The president knows it, and he’s clearly unhappy about it. Mr. Obama was clearly annoyed with the deal he felt forced to sign, going out of his way to express his distaste for allowing tax cuts to go to high-wage earners. And of course, there was the requisite Obama vanity and self-conceit. The lack of a deal on tax cuts would “be a chilling prospect for the American people whose taxes are currently scheduled to go up on January 1st because of arrangements that were made back in 2001 and 2003 under the Bush tax cuts,” Obama informed us. “I am not willing to let that happen. … I’m not willing to let working families across this country become collateral damage for political warfare here in Washington. And I’m not willing to let our economy slip backwards just as we’re pulling ourselves out of this devastating recession.”

Leave it to Barack the Great to once again hover high above politics as usual, the adult among the clamoring children, the voice of reason against the unruly political mob.

The president’s remarks were clearly aimed at his liberal base, which is terribly unhappy with him (see these stories here and here). In fact, according to the Hill, “House Democrats signaled Monday they will fight the tax-cut deal President Obama announced a day earlier with Republicans.” House Speaker Nancy Pelosi, in a post on Twitter, made clear her unhappiness with the tax deal.

This is very dangerous territory Mr. Obama is now in. He hasn’t done nearly enough to win back the confidence of independents — but he’s done more than enough to outrage his political base. We might even have the extraordinary situation of Speaker Pelosi leading the campaign to defeat a deal blessed by the president.

Obama set astronomical expectations when he ran, and so the disappointment among his core supporters is especially acute. Some on the left are eager to distance themselves from what they perceive to be a failing presidency. And we are in the midst of the weakest recovery since the government started keeping unemployment statistics. The Obama presidency is battered and adrift right now. The man who was supposed to revivify liberalism and the Democratic Party is overseeing their partial collapse. It is an amazing thing to witness.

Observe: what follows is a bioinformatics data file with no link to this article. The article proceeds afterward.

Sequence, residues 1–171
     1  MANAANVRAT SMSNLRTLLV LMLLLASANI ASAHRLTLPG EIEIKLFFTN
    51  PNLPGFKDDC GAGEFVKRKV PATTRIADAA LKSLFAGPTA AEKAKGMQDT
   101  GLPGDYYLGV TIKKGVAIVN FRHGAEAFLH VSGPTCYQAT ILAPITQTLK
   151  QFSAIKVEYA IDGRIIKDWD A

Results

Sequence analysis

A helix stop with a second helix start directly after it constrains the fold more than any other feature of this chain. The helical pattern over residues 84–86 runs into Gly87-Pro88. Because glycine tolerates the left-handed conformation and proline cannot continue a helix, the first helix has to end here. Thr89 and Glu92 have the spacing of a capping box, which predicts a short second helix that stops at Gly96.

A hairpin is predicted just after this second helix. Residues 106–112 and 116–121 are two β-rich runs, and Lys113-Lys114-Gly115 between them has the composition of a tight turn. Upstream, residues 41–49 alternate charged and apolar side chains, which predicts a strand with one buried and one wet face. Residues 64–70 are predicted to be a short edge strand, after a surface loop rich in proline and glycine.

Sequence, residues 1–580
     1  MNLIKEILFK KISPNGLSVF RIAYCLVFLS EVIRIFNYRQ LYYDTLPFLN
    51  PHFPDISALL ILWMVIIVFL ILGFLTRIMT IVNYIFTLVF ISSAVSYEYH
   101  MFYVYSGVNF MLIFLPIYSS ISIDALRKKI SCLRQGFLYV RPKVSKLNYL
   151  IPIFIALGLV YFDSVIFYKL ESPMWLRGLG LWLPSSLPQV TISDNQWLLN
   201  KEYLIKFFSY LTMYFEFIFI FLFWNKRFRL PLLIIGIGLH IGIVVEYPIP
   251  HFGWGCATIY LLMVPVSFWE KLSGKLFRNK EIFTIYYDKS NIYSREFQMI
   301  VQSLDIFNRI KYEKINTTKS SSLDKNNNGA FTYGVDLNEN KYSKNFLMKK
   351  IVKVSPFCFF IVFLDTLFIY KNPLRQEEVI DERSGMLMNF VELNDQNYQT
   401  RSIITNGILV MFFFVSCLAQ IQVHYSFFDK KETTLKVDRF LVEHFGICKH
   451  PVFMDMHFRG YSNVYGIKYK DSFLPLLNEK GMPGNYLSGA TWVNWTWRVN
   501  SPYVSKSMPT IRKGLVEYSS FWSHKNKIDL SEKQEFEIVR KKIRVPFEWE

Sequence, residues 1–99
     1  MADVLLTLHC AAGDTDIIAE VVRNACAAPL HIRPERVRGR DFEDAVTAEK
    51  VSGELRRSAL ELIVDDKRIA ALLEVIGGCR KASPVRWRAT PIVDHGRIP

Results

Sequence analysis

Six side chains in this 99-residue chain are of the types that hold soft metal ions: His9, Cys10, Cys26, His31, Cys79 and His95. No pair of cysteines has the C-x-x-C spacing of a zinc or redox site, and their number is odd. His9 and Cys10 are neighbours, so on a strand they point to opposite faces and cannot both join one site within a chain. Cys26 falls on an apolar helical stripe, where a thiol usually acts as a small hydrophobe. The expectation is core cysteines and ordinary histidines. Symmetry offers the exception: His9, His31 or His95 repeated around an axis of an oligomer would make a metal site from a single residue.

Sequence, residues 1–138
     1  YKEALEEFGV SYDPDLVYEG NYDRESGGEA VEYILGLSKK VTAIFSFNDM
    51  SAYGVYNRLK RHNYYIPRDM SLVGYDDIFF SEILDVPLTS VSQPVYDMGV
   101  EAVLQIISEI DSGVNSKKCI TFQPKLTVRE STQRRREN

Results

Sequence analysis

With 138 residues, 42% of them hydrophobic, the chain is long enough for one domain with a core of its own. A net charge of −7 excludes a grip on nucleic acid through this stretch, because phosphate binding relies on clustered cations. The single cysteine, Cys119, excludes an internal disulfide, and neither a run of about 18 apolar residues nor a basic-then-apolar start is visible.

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Tax Cuts, Talking Points, Silly Maneuvers

So this afternoon, the lame-duck House of Representatives — still controlled by Nancy Pelosi and the Democrats — pulled a fast one by using an already existing bill as the vehicle for a vote on the Bush tax cuts in the way they want to vote on them, with the top rate jumping up while the others stay constant. This is pointless, since negotiations continue between the president and Republicans that everybody thinks will lead to a compromise bill that keeps all the tax cuts in place. That bill will have to be taken up at the beginning of the next session instead of now, which will create accounting headaches but not make all that much difference. Republicans voted against the trick.

It’s a nice piece of theater, I suppose, and it led Markos Moulitsas of the Daily Kos, the premier website of the populist hard left, to quote approvingly on Twitter from a follower of his: “If Dems were any good at messaging, they’d be all over TV saying Republicans just voted to raise taxes on 95% of Americans.”

Oh, Democrats will, and there will be screaming and yelling on cable shows about it. But there’s a simple reason “messaging” like this doesn’t work. It doesn’t conform with reality. People who care about these things know that Republicans are for lower taxes, and they know this because it’s true.

You can make a case that the Republican fondness for lower taxes is fiscally irresponsible, or it’s bad because government needs more dollars to fund social programs, or any number of other complaints. But saying Republicans are supporters of higher taxes is like saying Democrats don’t care about the environment. You can say it, and you can even offer little bits of evidence to prove it (the Kennedys blocked wind farms on Cape Cod), but it doesn’t ring true and people won’t believe it.

Indulging in the belief that politics is about “messaging” as opposed to core beliefs is one of the great temptations for people whose own views are not actually that popular and wish to believe the problem is just one of communication rather than essence.

So this afternoon, the lame-duck House of Representatives — still controlled by Nancy Pelosi and the Democrats — pulled a fast one by using an already existing bill as the vehicle for a vote on the Bush tax cuts in the way they want to vote on them, with the top rate jumping up while the others stay constant. This is pointless, since negotiations continue between the president and Republicans that everybody thinks will lead to a compromise bill that keeps all the tax cuts in place. That bill will have to be taken up at the beginning of the next session instead of now, which will create accounting headaches but not make all that much difference. Republicans voted against the trick.